AbstractThis dissertation focuses on two educational reforms in Thailand (1978 and 2000), using these policy initiatives to explore the impact of education on income, income distribution and poverty. Investigating the causal relationship between education attainment and income raises endogeneity concerns, both in terms of reverse causality and omitted variables. To overcome such limitations, the wage of individuals is estimated by using Two-stage least squares (2SLS) models. The years of schooling is instrumented by the year of birth of the individuals who were born around the cut-off year requiring pupils to attend 6 and 9 years, respectively, of compulsory education. This approach ensures that individuals are homogeneous in terms of individual characteristics (e.g. abilities, motivation) across groups because of the proximity of birth. We also include province fixed-effects to capture heterogeneity in economic development and quality of schools across geographic units. The estimations are extended to uncover both endogeneity and heterogeneity biases by using the Instrumental Variable Quantile Regression Methods (IVQR).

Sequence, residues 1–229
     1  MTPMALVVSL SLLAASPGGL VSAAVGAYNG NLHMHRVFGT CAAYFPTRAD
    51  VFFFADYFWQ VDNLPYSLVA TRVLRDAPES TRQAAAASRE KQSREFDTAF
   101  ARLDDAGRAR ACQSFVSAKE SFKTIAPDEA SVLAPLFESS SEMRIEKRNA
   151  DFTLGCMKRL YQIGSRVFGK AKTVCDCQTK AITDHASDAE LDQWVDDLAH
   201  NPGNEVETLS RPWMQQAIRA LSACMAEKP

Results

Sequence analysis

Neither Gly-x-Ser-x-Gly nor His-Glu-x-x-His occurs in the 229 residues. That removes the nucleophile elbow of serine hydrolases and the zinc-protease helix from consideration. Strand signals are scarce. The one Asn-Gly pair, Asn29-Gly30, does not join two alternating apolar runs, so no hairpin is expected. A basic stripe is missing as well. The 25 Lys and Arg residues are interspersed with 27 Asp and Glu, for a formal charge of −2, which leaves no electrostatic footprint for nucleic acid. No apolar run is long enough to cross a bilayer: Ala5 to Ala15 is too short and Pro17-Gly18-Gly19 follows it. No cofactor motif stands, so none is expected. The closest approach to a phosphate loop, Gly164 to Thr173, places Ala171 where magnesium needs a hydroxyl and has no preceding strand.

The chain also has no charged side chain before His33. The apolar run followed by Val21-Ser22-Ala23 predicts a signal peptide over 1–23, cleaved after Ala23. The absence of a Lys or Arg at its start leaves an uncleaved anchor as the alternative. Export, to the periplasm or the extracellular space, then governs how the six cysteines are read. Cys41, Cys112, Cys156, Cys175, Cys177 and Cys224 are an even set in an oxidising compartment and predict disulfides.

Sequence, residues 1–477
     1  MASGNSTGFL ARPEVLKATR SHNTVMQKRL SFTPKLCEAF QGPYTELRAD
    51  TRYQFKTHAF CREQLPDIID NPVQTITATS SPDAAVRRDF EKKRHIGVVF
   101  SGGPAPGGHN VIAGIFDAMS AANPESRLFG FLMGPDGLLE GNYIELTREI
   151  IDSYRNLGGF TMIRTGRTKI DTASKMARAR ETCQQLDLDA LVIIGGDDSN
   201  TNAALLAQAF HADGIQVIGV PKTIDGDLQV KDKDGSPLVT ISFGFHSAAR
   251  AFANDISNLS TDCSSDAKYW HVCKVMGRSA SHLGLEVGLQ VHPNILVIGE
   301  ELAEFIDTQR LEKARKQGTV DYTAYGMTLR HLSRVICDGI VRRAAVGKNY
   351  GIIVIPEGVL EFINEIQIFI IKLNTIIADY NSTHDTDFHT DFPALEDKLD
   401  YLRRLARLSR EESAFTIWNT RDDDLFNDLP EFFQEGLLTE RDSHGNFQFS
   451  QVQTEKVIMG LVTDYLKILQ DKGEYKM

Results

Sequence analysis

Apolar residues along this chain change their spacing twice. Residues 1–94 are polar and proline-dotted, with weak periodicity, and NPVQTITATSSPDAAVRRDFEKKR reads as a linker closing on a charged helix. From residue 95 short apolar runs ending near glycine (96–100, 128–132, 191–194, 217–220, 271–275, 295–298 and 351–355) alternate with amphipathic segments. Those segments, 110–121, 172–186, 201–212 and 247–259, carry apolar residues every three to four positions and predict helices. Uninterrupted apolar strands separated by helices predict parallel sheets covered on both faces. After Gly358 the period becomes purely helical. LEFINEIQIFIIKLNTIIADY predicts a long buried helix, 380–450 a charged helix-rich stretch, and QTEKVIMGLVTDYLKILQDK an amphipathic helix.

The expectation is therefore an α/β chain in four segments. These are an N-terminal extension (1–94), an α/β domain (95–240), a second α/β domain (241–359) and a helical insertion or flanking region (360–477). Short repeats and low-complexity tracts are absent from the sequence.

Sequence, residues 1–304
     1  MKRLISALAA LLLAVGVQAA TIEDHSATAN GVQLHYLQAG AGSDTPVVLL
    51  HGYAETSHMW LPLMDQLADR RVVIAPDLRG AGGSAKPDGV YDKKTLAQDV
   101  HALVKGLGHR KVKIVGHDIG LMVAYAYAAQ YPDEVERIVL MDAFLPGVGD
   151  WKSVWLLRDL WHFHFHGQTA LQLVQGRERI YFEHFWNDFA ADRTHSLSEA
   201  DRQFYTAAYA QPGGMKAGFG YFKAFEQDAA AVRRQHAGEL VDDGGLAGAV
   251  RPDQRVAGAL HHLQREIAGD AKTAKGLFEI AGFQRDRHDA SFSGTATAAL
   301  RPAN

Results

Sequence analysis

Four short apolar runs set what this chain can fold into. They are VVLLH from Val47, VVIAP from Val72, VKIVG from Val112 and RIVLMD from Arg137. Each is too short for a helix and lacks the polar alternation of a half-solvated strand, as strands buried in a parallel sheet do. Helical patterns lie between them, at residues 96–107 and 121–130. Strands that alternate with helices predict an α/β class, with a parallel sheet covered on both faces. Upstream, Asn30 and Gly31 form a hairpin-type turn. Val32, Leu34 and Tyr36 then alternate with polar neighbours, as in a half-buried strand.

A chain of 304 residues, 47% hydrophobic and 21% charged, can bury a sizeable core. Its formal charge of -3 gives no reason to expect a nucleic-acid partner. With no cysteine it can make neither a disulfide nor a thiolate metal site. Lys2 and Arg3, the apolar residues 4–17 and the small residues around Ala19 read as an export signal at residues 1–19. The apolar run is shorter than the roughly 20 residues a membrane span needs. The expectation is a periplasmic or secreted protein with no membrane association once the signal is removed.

We found that the 9-year compulsory schooling reform has been more effective in extending access to education, especially for the disadvantaged, than the 6-year compulsory schooling reform. With the 6year compulsory schooling reform, we find statistically significant results that an additional year of schooling positively impacts individual incomes by about 13 percent. However, over half of the increase in average income is concentrated amongst the wealthiest individuals. Estimations for the 9-year compulsory schooling reform suggest that an additional year of schooling increases the monthly income of an individual on average by approximately 8.5 percent. Although the highest returns to education still accrue to the wealthiest income group, the income increased of the poorest and poor income groups become higher and statistically significant compared with the estimated results from the 6-year compulsory schooling reform. The study also shows that the main contribution to a reduction in poverty in Thailand is through economic growth. In order to eradicate poverty and reduce income inequality, universal education to Lower-secondary level (9th grade) is recommended.
|Date of Award||Sep 2017|
|Supervisor||Petros Sekeris (Supervisor) & Andy Thorpe (Supervisor)|